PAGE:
Tuesday, 24 December 2013

Book Review: ‘Lady Davina Dove, A Christmas Story’ by Jani Tully Chaplin

Book Review: ‘Lady   Davina Dove, A Christmas Story’ by Jani Tully Chaplin
Review by Tracey Kifford, owner of WowThankYou, a marketplace for UK-based designer-makers

 I was asked to review the above book via Mumpreneur MumsClub and saw it as a great opportunity to introduce my two children – my daughter Millie-Mae (aged 7) and my son Toby (aged 5) to this book in The Manor House Stories series. I decided that the WowThankYou blog was a good place to post this review, as it is an ‘all British’ publication, with the author having written the books in Devon, with a British printer producing the printed copies.

They say you can always judge a book by its cover, and our first impression was a good one – a nice sized solid hard covered book with an inviting illustration and a shiny smooth slip cover, with a red ribbon page marker hanging through it. A good size to suit most hands – from young early readers through to adults.

When you open the book, the first thing you notice is a Foreword by Julian Fellowes, the writer of Downton Abbey. This alone suggests we’re about to read something a little special. Turning a few more pages and there’s a double-page spread containing lovely illustrations of some of the characters – all of them rather dapper with equally posh names! It does make you feel, though, that there are a lot of characters in a relatively small book (68 pages). You do wonder how these will all be included, and once you start reading the first few pages, this worry doesn’t immediately go away …

The story, if you haven’t read any of the other books in the series, does require you to concentrate as there’s a lot to take in. New characters are mentioned in what seems like every other paragraph initially and you fear you’ll forget who they are due to ‘character overload’. But once the story gets going, it all seems to seamlessly come together and when coming across a character last mentioned right at the beginning, the author very cleverly reminds you who they are!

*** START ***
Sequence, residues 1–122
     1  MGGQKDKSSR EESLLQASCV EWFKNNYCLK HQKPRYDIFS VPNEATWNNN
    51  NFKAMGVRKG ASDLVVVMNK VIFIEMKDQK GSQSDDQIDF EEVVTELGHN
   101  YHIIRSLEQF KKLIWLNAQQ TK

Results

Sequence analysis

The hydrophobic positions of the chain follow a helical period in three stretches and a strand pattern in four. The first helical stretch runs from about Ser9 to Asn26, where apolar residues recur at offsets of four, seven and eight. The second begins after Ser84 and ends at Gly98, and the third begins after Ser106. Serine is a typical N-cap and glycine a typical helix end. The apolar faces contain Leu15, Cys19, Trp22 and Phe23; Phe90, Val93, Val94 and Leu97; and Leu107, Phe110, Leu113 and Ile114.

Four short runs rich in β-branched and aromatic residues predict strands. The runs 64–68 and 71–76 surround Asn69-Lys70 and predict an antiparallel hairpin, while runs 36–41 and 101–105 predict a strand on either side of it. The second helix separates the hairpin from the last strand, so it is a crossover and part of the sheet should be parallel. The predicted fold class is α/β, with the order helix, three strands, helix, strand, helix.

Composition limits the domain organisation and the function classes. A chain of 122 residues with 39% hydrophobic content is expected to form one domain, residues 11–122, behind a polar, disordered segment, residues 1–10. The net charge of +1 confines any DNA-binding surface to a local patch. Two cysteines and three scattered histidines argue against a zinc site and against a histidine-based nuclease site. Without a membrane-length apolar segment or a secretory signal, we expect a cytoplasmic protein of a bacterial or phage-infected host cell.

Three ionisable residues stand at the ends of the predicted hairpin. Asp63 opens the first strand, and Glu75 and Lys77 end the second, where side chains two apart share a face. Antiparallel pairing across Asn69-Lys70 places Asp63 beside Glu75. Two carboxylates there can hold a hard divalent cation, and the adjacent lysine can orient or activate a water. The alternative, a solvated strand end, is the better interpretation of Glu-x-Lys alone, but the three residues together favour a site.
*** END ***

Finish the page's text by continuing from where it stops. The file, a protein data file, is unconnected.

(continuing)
The story itself is a very festive one. To us, it is a cross between Downton Abbey and Wind in the Willows as it is set in an era approximately late Victorian through to Edwardian times when country estates were still commonplace with a large staff. In this instance, the cast are all animals.

The head of Manor House is Lord Peregrine Falcon and his wife, Lady Davina, is always responsible for arranging Christmas – everything from organising the household to buying presents. From childhood she’s had a secret Christmas wish of her own, but it would never come true as she’d never told anyone about it. Or was that about to change …

Preparing the Manor House for the festivities is the focus of the story – where you are introduced to such delightful characters as Sarah Sparrow the Scullery Maid, Delia Duck the Cook, Cream and Sugar the Milkmaids, Chesterfield Penguin the Butler and Rory Redshank the Footman. All have very specific instructions on what they need to do to make Christmas flow without a hitch. You learn about how resourceful they are, from eating vegetables grown in the Manor gardens by Radish Robin the Gardener, to receiving nuts, berries, apples and seeds from the hoarded bounty in Sgt. Simon Squirrel the Quartermaster’s storeroom. Supermarkets were many years away from being invented! It is a genuine case of “grow your own” and “make do and mend”, as indeed it was in those days.  Even the Christmas tree had been grown in their own forest!

 On Christmas Eve, once everything was ready for the feast the following day, and Lord Peregrine had lit the first candle on the tree, a group of characters go carol singing. Everyone from Lady Davina to the milkmaids sing their way around the village, entertaining the residents of each and every cottage they visit. It’s a nice touch as it shows that, even though for most of the time there was a definite ‘upstairs/downstairs’ divide, they can come together and put their social standings aside.

As Christmas Eve drew to an end, and Lord Peregrine had spent the evening talking to his guest Sir David Bunnyburrow about all the conservation efforts underway in the estate to provide safe habitats for many creatures, Lady Davina went to bed. Here, just before she fell asleep, she once again repeated her wish to Father Christmas. But does it come true? It’s not for us to say, but we will tell you that she’s awoken by the sound of tinkling bells …

It is a lovely story that both children enjoyed. The illustrations are beautiful and you do feel you are reading a collectable ‘classic’ akin to Beatrix Potter. This book is a keepsake item without a doubt. In terms of reading age, my 7 year old (who has a good ‘beyond her years’ level of reading) would struggle with some of the words, mainly owing to them not being used on an everyday basis – specifically the actual characters names. This is definitely a book to read to your children, and is that perfect length that allows you to read the whole book in a single session holding the children’s attention from the start to the end.

Both of my children gave this story 5 out of 5 – and I agree with them. It is a very charming read and we will definitely read it again x

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